Tag Archives: COE

Car COE prices hit 14-year high

CERTIFICATES of entitlement prices continued to trek northwards in the latest tender, the first after last Friday’s announcement of quota numbers for the August-January period.
COE for cars up to 1,600cc and taxis inched up by 0.02 per cent to end at $56,002. Those for cars above 1,600cc ended 5.8 per cent higher at $72,501.
Both premiums are now at their highest in 14 years.
Open category COE, which can be used for any vehicle type but ends up mainly for cars, chalked the biggest rise yesterday. It rose by 8.3 per cent to finish at a six-month high of $74,490.
Commercial vehicle COE was 5.9 per cent higher at $34,502, while the motorcycle premium slipped by 14.7 per cent to close at $2,012.
Motor traders said the latest results reflected changes to the COE supply. The two premiums which rose the most yesterday – those for cars above 1,600cc and commercial vehicles – will also have the biggest quota reductions in the next six months.
And even though cars up to 1,600cc will actually have more certificates available, dealers said contractions in the other categories will drive companies to focus more on sales of their smaller models now. This is especially so for premium brands such as Mercedes-Benz, Volvo and Audi, which now have models below 1,600cc. BMW is expected to join the fray soon.
Premier Taxis contributed to yesterday’s price rise. It secured 20 COEs at $56,002 apiece, among the costliest certificates paid for by a taxi company.
Industry players said COEs are unlikely to soften any time soon.
‘Premiums can only go up,’ said Mr Alvyn Ang, director of operations of multi-brand agent Cycle Carriage.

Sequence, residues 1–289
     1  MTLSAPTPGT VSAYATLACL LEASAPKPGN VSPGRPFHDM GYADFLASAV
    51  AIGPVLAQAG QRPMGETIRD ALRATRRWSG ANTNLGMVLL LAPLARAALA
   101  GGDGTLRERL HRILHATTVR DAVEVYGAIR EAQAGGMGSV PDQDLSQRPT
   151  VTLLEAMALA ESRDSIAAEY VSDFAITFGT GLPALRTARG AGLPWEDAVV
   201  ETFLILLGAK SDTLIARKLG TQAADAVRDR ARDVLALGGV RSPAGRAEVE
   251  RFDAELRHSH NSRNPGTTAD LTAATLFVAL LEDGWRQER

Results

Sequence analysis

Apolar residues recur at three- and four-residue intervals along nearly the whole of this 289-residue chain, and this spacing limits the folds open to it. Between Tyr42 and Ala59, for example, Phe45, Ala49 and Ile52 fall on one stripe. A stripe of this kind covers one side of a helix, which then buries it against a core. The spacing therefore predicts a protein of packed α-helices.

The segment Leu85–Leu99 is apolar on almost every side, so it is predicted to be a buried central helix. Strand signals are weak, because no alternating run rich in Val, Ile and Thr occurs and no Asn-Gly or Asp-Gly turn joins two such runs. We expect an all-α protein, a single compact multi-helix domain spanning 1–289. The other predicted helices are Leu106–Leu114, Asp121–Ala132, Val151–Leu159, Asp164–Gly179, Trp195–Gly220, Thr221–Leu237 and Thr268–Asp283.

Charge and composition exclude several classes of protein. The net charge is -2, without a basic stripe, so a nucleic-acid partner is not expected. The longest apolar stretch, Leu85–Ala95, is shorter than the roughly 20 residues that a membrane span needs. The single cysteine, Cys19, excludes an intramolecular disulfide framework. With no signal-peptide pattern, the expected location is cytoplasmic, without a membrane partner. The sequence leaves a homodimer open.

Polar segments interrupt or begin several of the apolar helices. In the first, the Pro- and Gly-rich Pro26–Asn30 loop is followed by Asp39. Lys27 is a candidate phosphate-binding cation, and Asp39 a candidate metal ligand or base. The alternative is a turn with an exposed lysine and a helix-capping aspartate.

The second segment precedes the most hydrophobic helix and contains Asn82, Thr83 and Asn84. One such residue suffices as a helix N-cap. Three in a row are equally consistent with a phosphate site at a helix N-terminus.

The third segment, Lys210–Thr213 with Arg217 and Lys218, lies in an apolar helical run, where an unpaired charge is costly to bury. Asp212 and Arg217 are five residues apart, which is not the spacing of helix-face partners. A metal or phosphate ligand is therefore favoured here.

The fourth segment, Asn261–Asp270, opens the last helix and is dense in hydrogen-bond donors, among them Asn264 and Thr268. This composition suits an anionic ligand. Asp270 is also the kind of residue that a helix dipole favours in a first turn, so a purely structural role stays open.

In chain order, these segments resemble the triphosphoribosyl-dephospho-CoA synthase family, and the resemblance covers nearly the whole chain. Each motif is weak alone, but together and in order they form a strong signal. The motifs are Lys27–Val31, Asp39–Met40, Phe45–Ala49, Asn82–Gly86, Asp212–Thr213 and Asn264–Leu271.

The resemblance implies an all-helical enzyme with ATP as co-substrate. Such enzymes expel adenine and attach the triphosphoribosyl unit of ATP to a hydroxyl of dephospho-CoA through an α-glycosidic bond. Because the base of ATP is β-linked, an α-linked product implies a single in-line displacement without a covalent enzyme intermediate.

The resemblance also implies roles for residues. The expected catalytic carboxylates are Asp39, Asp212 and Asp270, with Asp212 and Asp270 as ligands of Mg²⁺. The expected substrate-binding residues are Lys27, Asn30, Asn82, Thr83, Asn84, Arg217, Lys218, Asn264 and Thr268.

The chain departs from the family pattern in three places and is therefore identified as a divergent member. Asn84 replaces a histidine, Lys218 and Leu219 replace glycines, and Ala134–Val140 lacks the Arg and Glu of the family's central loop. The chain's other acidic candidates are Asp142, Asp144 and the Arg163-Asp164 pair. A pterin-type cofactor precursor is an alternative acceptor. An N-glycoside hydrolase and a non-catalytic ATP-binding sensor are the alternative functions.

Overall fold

Mr Ron Lim, general manager at Nissan agent Tan Chong, said: ‘Indications are that they will continue to point upwards.’
He added that the trade’s biggest worry now is whether the Government will lower the 1.5 per cent annual allowable growth rate in Singapore’s vehicle population – a determinant of COE supply.
‘The 1.5 per cent now accounts for 30 to 40 per cent of COE supply in each category. If it is brought down to zero, all hell will break loose,’ he said.

CHRISTOPHER TAN (The Straits Times)

COE supply till January remains flat

THOSE shopping for a small car or a motorcycle in the next six months can breathe a bit easier – certificate of entitlement (COE) supplies for the two vehicle categories are bigger for the August-January period.

But those in the market for bigger cars or commercial vehicles should brace themselves for higher prices on the back of an even tighter COE supply.

Car buyers on the whole, however, will see a 2.5 per cent dip in the quota, from 2,526 certificates a month to 2,463.

The number includes Open COEs, used predominantly for bigger cars.

Overall, COE supply for the next six months – announced by the Land Transport Authority yesterday – remains flat at 22,324, from 22,368 for February-July, as the slide in supply for bigger cars and commercial vehicles is offset by bigger quotas elsewhere.

COEs – meant to limit car ownership and hence the number of vehicles on the road – are put up for bidding twice a month.

Because of a shrinking supply, prices have risen to near-record levels.

Premium for cars up to 1,600cc is $55,989 now and that for cars above 1,600cc is $68,501 – more than four times their respective levels just three years ago.

Motor traders are not surprised by the new COE quotas.

‘We have never been bullish about supply in the next half,’ said Mr Say Kwee Neng, managing director of BMW agent Performance Motors.

‘This means competition among the big boys will intensify on all fronts.’

Asked where COE premiums are likely to head in the second half, he said much depends on how the economy performs.

But he expects premiums for Category B (cars above 1,600cc) to breach $70,000 ‘if demand for cars holds’.
Mr Vincent Ng, product manager at Honda agent Kah Motor, said Category B premiums can head only ‘northwards’.

Noting that ‘$70,000 is a done deal’, he added: ‘The question is whether it will go higher.’

Others reckon the upward pressure on bigger- car premiums could spill over to those for Category A (up to 1,600cc).

Mr Philip Lu, general manager of Mazda Singapore, said: ‘What could possibly happen is that the premium brands will now try to sell more Category A cars to make up for the sizeable cut in the Category B quota.
‘I see higher premiums across all the car categories.’

The outlook ahead remains bleak.

Kah Motor’s Mr Ng said the COE quota is likely to shrink even further, citing a slowdown in the number of cars taken off the road – a major determinant of COE supply.